The indictment began with a section labeled “Introduction.” On page 2, the indictment acknowledged the existence of First Amendment protections regarding knowingly false statements:

The Defendant [Trump] had a right, like every American, to speak publicly about the election and even to claim, falsely, that there had been outcome-determinative fraud during the election and that he had won. He was also entitled to formally challenge the results of the election through lawful and appropriate means, such as by seeking recounts or audits of the popular vote in states or filing lawsuits challenging ballots and procedures. Indeed, in many cases, the Defendant did pursue these methods of contesting the election results. His efforts to change the outcome in any state through recounts, audits, or legal challenges were uniformly unsuccessful.

Immediately thereafter, the indictment explained why prosecutors argued that Trump’s promulgation of knowingly false information did not fall under those protections, outlining an alleged conspiracy to defraud the government and its citizens:

Shortly after election day, the Defendant also pursued unlawful means of discounting legitimate votes and subverting the election results. In so doing, the Defendant perpetrated three criminal conspiracies:

a. A conspiracy to defraud the United States by using dishonesty, fraud, and deceit to impair, obstruct, and defeat the lawful federal government function by which the results of the presidential election are collected, counted, and certified by the federal government, in violation of 18 U.S.C. § 371;

b. A conspiracy to corruptly obstruct and impede the January 6 congressional proceeding at which the collected results of the presidential election are counted and certified (“the certification proceeding”), in violation of 18 U.S.C. § 1512(k);and

c. A conspiracy against the right to vote and to have one’s vote counted, in violation of 18 U.S.C. § 241.

Each of these conspiracies—which built on the widespread mistrust the Defendant was creating through pervasive and destabilizing lies about election fraud—targeted a bedrock function of the United States federal government: the nation’s process of collecting, counting, and certifying the results of the presidential election (“the federal government function”).


The purpose of the conspiracy was to overturn the legitimate results of the 2020 presidential election by using knowingly false claims of election fraud to obstruct the federal government function by which those results are collected, counted, and certified.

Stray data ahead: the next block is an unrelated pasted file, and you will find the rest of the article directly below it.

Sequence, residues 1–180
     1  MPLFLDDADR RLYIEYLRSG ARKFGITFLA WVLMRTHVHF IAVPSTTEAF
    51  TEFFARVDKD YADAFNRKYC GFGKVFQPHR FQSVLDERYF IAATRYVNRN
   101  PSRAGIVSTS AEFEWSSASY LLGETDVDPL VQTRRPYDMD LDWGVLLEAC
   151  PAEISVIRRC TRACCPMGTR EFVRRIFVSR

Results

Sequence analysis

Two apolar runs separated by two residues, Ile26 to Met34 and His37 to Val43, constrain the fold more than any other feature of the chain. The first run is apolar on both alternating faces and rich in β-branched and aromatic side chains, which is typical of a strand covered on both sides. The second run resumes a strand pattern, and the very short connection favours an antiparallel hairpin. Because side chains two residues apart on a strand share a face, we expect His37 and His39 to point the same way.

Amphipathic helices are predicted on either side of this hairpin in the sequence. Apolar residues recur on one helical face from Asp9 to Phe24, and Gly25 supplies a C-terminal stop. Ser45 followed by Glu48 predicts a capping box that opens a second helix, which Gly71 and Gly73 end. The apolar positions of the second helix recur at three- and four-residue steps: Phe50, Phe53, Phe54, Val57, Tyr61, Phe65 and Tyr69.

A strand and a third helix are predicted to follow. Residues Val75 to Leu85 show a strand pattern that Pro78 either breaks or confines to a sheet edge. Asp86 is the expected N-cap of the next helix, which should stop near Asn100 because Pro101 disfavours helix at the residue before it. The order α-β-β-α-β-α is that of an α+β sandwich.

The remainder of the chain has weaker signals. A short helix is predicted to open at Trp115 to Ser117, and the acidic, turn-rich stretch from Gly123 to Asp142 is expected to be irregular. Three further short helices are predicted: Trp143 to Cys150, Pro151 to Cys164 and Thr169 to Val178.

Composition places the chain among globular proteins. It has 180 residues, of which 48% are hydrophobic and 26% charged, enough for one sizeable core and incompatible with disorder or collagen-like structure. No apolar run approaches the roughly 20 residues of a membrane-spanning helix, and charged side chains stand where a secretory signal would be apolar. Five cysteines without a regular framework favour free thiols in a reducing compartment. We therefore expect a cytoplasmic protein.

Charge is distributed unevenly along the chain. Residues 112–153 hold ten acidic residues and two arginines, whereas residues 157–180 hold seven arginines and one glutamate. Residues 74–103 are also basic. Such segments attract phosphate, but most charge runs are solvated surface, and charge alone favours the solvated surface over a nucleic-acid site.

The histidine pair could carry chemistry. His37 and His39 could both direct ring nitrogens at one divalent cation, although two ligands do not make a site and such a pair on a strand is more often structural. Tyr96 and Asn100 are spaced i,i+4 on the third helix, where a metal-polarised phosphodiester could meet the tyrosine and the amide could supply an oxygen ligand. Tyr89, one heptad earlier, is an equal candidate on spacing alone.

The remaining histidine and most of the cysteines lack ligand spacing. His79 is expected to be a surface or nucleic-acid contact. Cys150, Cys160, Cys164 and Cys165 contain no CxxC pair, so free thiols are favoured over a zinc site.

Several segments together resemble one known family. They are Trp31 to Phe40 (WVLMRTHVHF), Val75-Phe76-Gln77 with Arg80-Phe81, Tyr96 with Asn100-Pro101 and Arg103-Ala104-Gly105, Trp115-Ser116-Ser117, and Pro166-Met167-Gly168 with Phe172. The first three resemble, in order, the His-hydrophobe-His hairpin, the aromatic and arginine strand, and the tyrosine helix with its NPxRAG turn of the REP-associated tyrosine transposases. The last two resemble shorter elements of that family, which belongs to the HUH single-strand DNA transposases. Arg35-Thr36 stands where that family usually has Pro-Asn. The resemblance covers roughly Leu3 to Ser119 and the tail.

On page 5 of the indictment, a chaotic transfer of power in January 2021 was mentioned again:

This federal government function—from the point of [electoral] ascertainment to the certification—is foundational to the United States’ democratic process, and until 2021, had operated in a peaceful and orderly manner for more than 130 years.

After detailing each of the four charges and their alleged purposes, the indictment moved on to specific allegations about Trump and disinformation between the November 2020 election and the deadly January 6 2021 attack on the United States Capitol.

The Third Trump Indictment is About Weaponized Information: A Partial List

A section on page five, “Manner and Means,” provided a detailed summary of the “the Defendant’s conspiracy to impair, obstruct, and defeat the federal government function through dishonesty, fraud, and deceit,” referencing several high-profile attempts to subvert the transfer of power to President Joe Biden.

A section on page 6, “The Defendant’s Knowledge of the Falsity of His Election Fraud Claims,” touched on the types falsehoods leveraged to disrupt the 2020 election and 2021 inauguration of President Joe Biden:

The Defendant, his co-conspirators, and their agents made knowingly false claims that there had been outcome-determinative fraud in the 2020 presidential election. These prolific lies about election fraud included dozens of specific claims that there had been substantial fraud in certain states, such as that large numbers of dead, non-resident, non-citizen, or otherwise ineligible voters had cast ballots, or that voting machines had changed votes for the Defendant to votes for Biden. These claims were false, and the Defendant knew that they were false. In fact, the Defendant was notified repeatedly that his claims were untrue—often by the people on whom he relied for candid advice on important matters, and who were best positioned to know the facts— and he deliberately disregarded the truth …